By Menno Lauret (in collaboration with Gert Witvoet, Federico Felici, Tim Goodman, Oliver Sauter, Gerd Vandersteen, Marco de Baar and the TCV team)
Increasing energy demands and depleting resources is one of the major challenges that humanity has to face. Moreover, the waste products of energy plants like CO2 or long term radioactive material lays a heavy burden on future generations.
Among the many alternatives for coal and nuclear fission plants, nuclear fusion is a unique approach to generate clean and reliable energy. Essentially, fusion energy uses the same physical mechanism that makes the sun scorching hot. If small and very hot sun-like plasma’s (ionized gas, with a temperature of around 100 million degrees Kelvin) could be reliable made on earth, this could be used for the generation of clean and reliable energy.
Physicists working on fusion energy have made great progress in the last 50 years. However, there are still some processes in the plasma that need to be solved before energy can be produced using this method.
The Control Systems Technology group at the Eindhoven University of Technology and the Dutch plasma fusion institute FOM DIFFER are actively involved in develloping controllers for magnetohydrodynamic modes in the plasma. One of these is the sawtooth instability, that leads to a periodic reorganistation of the core of the fusion plasma, and could affect the stability of the plasma as a whole.
The sawtooth period can be interpreted as the plasma’s heartbeat, and is considered essential for a lot of processes in the plasma. In current fusion experiments (so-called Tokamaks) the sawtooth beats around 100 times per second. To ensure the functionality of future fusion energy plants, it will be necessary to be able to regulate this heartbeat: to make it go faster or slower.
A surprisingly simple and new concept for controlling the sawtooth period mimics the way a pacemaker regulates the human heart beat. A traditional pacemaker gives a periodic electrical pulse to the heart, to which the heart synchronizes. To translate this idea to a Tokamak experiment, we could not use small electrical pulses, but a microwave source of several megawatts was available.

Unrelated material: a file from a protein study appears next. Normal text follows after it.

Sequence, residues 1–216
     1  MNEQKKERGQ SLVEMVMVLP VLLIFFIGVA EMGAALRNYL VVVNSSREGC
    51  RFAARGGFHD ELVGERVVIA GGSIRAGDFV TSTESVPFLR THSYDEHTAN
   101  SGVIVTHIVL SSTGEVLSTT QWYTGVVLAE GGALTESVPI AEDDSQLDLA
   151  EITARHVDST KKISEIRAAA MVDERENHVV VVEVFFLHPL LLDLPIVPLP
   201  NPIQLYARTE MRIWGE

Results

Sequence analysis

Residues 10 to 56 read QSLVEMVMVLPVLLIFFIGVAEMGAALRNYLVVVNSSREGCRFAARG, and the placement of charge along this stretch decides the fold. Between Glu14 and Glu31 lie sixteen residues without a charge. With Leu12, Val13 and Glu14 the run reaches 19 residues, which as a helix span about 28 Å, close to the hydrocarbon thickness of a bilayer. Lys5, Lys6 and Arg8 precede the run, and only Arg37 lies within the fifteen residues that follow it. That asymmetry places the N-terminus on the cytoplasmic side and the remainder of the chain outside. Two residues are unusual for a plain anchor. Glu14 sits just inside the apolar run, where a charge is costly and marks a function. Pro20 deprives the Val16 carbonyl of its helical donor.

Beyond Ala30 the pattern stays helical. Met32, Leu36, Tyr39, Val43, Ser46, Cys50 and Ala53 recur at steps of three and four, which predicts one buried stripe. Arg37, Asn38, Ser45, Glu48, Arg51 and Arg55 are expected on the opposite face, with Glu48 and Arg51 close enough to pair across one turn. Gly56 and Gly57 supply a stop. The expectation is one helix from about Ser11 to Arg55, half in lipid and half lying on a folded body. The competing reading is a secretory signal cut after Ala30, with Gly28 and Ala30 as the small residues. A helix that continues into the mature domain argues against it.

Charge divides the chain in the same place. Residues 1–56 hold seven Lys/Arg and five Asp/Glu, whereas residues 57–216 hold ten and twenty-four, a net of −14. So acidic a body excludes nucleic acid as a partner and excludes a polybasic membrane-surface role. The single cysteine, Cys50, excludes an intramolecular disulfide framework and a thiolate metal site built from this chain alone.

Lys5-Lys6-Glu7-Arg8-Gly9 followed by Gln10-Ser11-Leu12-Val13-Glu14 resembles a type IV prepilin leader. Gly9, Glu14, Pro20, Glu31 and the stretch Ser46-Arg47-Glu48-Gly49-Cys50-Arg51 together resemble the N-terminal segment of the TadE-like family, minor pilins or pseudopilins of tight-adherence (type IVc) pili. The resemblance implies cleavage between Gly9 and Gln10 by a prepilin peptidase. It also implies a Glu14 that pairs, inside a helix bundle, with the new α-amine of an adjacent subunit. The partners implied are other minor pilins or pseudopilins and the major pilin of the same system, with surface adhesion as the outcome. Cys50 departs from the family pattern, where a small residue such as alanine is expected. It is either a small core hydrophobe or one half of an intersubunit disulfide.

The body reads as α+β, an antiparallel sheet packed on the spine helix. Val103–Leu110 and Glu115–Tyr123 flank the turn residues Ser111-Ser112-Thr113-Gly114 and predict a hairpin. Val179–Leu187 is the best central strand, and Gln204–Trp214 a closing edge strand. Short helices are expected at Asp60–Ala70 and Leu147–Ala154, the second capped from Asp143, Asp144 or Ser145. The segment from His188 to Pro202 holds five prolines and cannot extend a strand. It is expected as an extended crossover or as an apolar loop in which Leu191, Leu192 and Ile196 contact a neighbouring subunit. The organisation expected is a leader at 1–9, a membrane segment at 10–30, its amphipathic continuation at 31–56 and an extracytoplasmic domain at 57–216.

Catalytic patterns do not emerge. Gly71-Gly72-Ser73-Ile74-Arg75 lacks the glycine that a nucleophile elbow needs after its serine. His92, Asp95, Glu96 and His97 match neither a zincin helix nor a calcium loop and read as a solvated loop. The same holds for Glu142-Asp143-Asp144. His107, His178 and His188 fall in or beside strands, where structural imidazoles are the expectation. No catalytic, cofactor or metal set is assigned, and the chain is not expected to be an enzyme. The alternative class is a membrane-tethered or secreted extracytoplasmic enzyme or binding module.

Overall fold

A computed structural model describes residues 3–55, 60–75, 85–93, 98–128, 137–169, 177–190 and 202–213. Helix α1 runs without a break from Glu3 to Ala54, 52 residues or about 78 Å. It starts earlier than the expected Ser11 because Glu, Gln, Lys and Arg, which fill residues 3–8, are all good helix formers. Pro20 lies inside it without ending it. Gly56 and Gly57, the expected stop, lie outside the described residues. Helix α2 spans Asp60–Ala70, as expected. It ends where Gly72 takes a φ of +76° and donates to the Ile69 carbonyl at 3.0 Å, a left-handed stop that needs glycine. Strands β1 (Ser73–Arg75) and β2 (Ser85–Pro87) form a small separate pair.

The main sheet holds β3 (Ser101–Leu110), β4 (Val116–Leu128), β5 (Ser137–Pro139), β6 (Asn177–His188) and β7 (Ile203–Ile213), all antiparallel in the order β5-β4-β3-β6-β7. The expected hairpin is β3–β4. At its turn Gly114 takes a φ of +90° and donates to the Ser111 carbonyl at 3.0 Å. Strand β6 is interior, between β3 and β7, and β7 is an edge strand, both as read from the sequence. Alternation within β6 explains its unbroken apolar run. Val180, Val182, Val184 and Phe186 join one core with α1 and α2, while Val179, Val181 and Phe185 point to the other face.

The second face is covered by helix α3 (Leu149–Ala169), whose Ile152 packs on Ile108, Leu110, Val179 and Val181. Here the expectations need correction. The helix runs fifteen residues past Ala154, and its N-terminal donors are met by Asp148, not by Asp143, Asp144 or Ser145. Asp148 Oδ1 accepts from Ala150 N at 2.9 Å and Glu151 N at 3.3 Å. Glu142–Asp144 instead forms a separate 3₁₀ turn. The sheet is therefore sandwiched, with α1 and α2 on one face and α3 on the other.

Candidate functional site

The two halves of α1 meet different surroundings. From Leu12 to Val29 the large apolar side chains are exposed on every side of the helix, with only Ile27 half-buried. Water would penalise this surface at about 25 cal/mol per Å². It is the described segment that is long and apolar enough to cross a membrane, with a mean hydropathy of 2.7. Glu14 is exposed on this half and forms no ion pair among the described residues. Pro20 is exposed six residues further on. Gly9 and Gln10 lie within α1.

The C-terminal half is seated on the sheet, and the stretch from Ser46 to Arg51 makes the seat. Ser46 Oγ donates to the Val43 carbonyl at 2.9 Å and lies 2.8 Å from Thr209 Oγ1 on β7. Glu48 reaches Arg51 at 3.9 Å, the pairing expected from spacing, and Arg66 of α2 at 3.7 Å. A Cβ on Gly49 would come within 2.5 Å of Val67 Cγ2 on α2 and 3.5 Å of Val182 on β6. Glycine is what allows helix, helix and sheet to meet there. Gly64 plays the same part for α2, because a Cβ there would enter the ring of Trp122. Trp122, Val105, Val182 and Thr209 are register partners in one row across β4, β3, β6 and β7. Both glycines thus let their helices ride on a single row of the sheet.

Joint experiments at the TCV experiment in Lausanne, Switzerland (in collaboration with EPFL, CRPP and VUB) showed that this simple idea works better than we could have imagined. The sawtooth period almost instantaneously changes to the period of the power pulse and we were able to make the sawtooth period four times slower. These experiments and simulations confirm that there is a surprisingly simple method to control the heartbeat of the plasma. Nuclear fusion plasma’s have very complex behavior, just as many biological systems, and biology can be a source of inspiration to make progress in fusion and hopefully to solve other related plasma problems.
The work is explained in detail in two articles, Demonstration of sawtooth period locking with power modulation in TCV plasmas and Numerical demonstration of injection locking of the sawtooth period by means of modulated EC current drive.